This link to graffiti and this mistrust of the art world were at the heart of the new underground wave in San Francisco’s art scene in the early 1990s. Headquartered in the Mission District, it was considered a disadvantaged neighborhood, with a mostly Hispanic population. This is where the “Mission School”11 —so-called retroactively—was born. The collective of five artists (Barry McGee, Ruby Neri, Margaret Kilgallen, Alicia McCarthy, Chris Johanson) evolved in a neighborhood torn between poverty and Silicon Valley’s emerging digital revolution, which soon marked a new Californian economic golden age. Following a route Jack London once took, and later the Beatniks, this collective of libertarian and anti-capitalist artists occasionally frequented the San Francisco Art Institute and several Californian alternative scene laboratories12 that involved listening to punk music, exchanging self-published fanzines, hosting Act Up meetings or Food Not Bombs activists.

These five artists drew on the precariousness of reality, recycling marginalized or abandoned forms. They were equally influenced by the works of Ann Hamilton, the legacy of the San Francisco scene (notably Nathan Oliveira), the political paintings of Philip Guston, as much as by surf culture, skate culture, sign paintings, so-called folk or popular art, ‘lowbrow’ painting. For these artists, painting was vagabond writing, like monikers13, those drawings of hobos using oil sticks amidst machinery and scrap metal freight trains. ‘Poor’ painting opened up new perspectives, those of railway lines crisscrossing landscapes.

Thirty years later, it’s an era of hand-to-hand combat: crushed, suffocated, abused, exhausted, contaminated, exploited bodies, indignant in the face of inequalities. “DO YOUR PART FOR THE RESISTANCE”: in 2018, Barry McGee exhibited this slogan, using black spray, citing a San Francisco activist, accompanied by the antifa logo.

During a dialogue with Ken Loach14, writer Edouard Louis questions what the aesthetic of confrontation could be. According to him, our era isn’t about highlighting inequalities, but confronting them. He adds: “I think a form of mistrust of art should always be maintained. […] In truth, the history of art is the history of controversy within art, and that’s how things progress. […] Art is created as a form of anger against art, and not when it serves as an instrument of reflexive contentment for the dominant classes.” Barry McGee’s anger is faint but continues. A calm anger, expressed in black and red within the artist’s paintings. A painting practice which, failing to reverse the system15, propagates itself like termites do, gnawing away at structures of domination. Such is Barry McGee’s painting: a silent bite mark that incites other ones.

--Hugo Vitrani





1. Rem Koolhaas, Junkspace, Repenser radicalement l’espace urbain, ed. Manuels Payot, 2010

2. See Cara Chellew’s Defending Suburbia: Exploring the Use of Defensive Urban Design Outside of the City Centre, CJUR (Revue Canadienne de Recherche Urbaine), Summer 2019

3. The broken window theory became popular after an article by JQ Wilson and GL Kelling was published in 1996. The criminal policies of Tolerance 0, on the origins of insecurity, stemmed from this theory. See Sébastien Roché’s La théorie de la “Vitre cassée” en France, Incivilité et désordres, Revue Française de Science Politiques, 2000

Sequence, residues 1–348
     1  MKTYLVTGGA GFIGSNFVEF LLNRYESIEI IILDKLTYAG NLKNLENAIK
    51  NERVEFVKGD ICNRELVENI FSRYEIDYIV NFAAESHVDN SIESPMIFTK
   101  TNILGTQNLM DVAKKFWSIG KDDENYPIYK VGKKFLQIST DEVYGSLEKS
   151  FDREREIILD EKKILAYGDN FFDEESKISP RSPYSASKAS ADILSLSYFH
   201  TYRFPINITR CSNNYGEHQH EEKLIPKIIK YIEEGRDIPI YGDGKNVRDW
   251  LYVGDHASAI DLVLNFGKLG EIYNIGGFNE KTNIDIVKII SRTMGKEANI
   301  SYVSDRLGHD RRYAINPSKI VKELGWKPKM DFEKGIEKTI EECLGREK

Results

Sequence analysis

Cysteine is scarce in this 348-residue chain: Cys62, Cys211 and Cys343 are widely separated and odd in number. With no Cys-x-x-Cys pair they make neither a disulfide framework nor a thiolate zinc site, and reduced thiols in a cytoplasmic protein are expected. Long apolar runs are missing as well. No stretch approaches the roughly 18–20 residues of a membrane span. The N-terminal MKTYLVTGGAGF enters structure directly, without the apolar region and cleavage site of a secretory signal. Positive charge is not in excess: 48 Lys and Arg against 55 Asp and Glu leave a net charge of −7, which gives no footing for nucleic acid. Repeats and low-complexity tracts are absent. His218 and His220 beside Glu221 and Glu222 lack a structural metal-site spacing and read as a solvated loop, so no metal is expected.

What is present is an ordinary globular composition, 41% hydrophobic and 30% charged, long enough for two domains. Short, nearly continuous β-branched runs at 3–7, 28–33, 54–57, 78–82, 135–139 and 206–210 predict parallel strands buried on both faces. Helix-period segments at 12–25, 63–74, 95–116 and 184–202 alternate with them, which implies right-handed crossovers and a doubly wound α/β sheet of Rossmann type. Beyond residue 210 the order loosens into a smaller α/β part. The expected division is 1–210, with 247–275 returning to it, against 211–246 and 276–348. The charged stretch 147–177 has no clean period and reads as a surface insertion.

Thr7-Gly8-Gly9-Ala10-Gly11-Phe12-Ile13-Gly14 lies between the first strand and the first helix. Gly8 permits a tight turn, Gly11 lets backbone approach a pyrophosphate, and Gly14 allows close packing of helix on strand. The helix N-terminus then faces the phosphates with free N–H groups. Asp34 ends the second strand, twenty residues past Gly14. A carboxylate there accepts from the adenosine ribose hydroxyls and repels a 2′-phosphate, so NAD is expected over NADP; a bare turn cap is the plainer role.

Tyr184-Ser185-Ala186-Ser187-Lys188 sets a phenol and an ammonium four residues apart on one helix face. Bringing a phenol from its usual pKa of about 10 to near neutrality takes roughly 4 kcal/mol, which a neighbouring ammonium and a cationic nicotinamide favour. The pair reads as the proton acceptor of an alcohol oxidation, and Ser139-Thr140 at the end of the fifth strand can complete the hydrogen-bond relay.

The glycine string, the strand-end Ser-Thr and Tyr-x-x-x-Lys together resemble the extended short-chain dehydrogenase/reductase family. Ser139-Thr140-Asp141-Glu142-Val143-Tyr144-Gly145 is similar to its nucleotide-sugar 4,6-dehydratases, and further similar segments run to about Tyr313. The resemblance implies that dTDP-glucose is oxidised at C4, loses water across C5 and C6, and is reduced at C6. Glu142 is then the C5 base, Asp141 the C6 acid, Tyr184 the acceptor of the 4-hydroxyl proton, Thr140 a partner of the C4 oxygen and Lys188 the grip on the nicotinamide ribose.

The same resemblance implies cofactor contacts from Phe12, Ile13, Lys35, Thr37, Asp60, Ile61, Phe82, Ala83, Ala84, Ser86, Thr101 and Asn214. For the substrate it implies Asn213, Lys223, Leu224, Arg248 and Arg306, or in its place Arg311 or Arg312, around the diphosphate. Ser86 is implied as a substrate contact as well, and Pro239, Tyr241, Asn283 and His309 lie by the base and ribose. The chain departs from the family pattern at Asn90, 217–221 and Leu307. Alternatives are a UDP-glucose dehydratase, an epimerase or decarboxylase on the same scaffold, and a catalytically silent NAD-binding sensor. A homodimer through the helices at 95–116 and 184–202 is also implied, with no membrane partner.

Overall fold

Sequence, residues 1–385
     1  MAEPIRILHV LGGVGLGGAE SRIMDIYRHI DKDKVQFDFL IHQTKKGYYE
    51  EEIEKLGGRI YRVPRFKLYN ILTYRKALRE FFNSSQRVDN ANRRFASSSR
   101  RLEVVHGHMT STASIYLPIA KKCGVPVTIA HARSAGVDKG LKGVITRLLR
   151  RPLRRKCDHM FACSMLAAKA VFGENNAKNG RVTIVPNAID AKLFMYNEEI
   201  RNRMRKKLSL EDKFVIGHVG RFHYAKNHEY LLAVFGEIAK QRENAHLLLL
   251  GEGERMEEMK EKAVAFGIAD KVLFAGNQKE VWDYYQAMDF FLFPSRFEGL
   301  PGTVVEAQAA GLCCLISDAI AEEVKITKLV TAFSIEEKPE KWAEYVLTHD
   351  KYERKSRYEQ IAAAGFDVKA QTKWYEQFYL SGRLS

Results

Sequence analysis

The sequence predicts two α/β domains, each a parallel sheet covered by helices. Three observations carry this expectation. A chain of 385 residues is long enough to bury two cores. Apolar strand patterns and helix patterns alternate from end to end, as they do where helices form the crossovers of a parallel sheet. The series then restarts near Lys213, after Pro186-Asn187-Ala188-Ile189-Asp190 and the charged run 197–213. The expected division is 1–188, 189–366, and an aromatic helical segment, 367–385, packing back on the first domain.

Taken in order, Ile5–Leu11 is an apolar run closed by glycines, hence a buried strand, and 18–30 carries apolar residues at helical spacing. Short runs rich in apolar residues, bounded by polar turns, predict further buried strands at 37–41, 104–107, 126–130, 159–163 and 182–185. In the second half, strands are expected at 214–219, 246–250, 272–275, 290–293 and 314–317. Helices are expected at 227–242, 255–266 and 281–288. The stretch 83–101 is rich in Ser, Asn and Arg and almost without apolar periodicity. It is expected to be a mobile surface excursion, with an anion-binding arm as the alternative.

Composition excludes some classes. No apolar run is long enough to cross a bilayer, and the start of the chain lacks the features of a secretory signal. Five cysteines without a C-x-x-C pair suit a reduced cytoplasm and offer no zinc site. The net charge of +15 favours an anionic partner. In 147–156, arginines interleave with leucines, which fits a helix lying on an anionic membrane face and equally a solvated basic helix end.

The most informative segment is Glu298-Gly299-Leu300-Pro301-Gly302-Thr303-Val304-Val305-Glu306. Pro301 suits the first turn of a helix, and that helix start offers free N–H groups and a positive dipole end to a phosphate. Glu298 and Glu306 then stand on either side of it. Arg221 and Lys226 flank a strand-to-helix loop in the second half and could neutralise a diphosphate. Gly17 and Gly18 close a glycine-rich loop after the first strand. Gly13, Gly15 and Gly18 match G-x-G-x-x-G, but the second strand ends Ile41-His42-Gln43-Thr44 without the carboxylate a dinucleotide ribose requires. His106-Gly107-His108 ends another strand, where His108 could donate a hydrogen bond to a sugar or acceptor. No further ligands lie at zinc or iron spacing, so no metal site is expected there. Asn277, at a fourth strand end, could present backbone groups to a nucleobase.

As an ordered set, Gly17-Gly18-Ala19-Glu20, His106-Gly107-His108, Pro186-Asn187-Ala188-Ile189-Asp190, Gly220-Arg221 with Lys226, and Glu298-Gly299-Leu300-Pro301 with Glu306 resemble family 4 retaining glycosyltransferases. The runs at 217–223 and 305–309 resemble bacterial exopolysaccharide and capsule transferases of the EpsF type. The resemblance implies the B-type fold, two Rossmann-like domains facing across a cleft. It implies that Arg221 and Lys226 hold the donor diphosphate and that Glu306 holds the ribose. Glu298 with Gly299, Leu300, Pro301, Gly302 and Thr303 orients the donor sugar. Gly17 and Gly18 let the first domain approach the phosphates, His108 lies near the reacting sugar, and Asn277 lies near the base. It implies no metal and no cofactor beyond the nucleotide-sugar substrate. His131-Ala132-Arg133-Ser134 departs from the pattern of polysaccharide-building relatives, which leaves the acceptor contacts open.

4. An installation presented during the exhibition “Wall Power”, held at the ICA in Philadelphia in 2000, which ques-tioned the artistic, political and social impact of murals in Philadelphia. Bringing together Barry McGee, Stephen Powers and Todd James, the trio changed the history of post-graffiti, helping transition the medium from the streets to an institutional context. This prefigured the iconic exhibition “Street Market,” presented at Deitch Projects (NY, 2000), Parco Gallery (Tokyo, 2000), the 49th Venice Biennale (2001) and the MoCA (Los Angeles, 2011)

5. Barry McGee’s installations, particularly The Boil, are inspired by a Catholic church in São Cristóvão the artist visited during an eight-month stay in Brazil in 1993. He noted: “I am definitely not religious, I consider myself more an antichrist. But there is indeed a lot of devotion in graffiti, and a state of sacrifice. That church has the most beauti-ful energy in motion that I have ever seen. There wasn’t enough space to accommodate the drawings, votive offer-ings, or photos people left, so all this material spread organically on the walls, in layers. The religious aspect of this context didn’t interest me whatsoever, but the dynamic of constrained space fascinated me. It seemed magical.” It was during this trip that he met and influenced the work of OSGEMEOS, a duo of Brazilian painters.

6. Assorted blazes and crew names include: META, DFW, THR, PANDA, VLOK, ADEK, AMAZE, CHINO, NEMEL, OKER, DASH SNOW, SEO, TIE ONE, IZ THE WIZ, PSYCKOZE, STAK, DACYA, HONET, O’CLOCK, RCF1, HORFEE, TOAM… Letters following one another, like sign paintings done with a brush, or amplified by the use of fat caps or tampered fire extinguishers

7. Specifically: DC comics, ZAP comics and Love and Rockets by the Hernandez brothers

8. Georges Bataille, Lascaux ou la naissance de l’art, ed. Skira, 1955

9. In graffiti circles, the term “buff” is used to indicate the erasure of graffiti carried out by individuals or by the State. Covering the graffiti with flat areas of paint results in new abstract compositions that inspired many artists, including early works by Stephen Powers and those of SKKi ©, SAEIO and David Ostrowski

10. A performance that brought together Barry McGee, Chris Johanson, Ed Templeton and Josh Lozcano, filmed by director Cheryl Dunn: https://www.cheryldunn.net/categories/films-videos/series/38

11. Regarding this new artistic scene, Renny Pritikin evoked “Urban Rustics / Digital Bohemians,” while Eungie Joo saw “the New Folk.” The term “Mission School” stems from an article by Glen Helfand “The Mission School, San Francisco’s Street Artist Delivers Their Neighborhood to the Art World,” published in 2002

12. Venues included Luggage Store, Capp Street Project, Southern Exposure

13. “Monikers» are an old tradition; the expression comes from Jack London, author of The Road in 1907, who referred to “monicas.» See Bill Daniel’s documentary on the enigmatic Bozo Texino, an iconic figure of this practice: http://www.billdaniel.net/who-is-bozo-texino

14. In Dialogue sur l’art et la politique, Edouard Louis, Ken Loach, ed. Puf, Des mots collection, 2021

15. When he was young, Barry McGee was very influenced by communist political graffiti. He has long used the slogan “SMASH THE SYSTEM” in exhibitions, to circulate this graffiti, written in public space, in a different way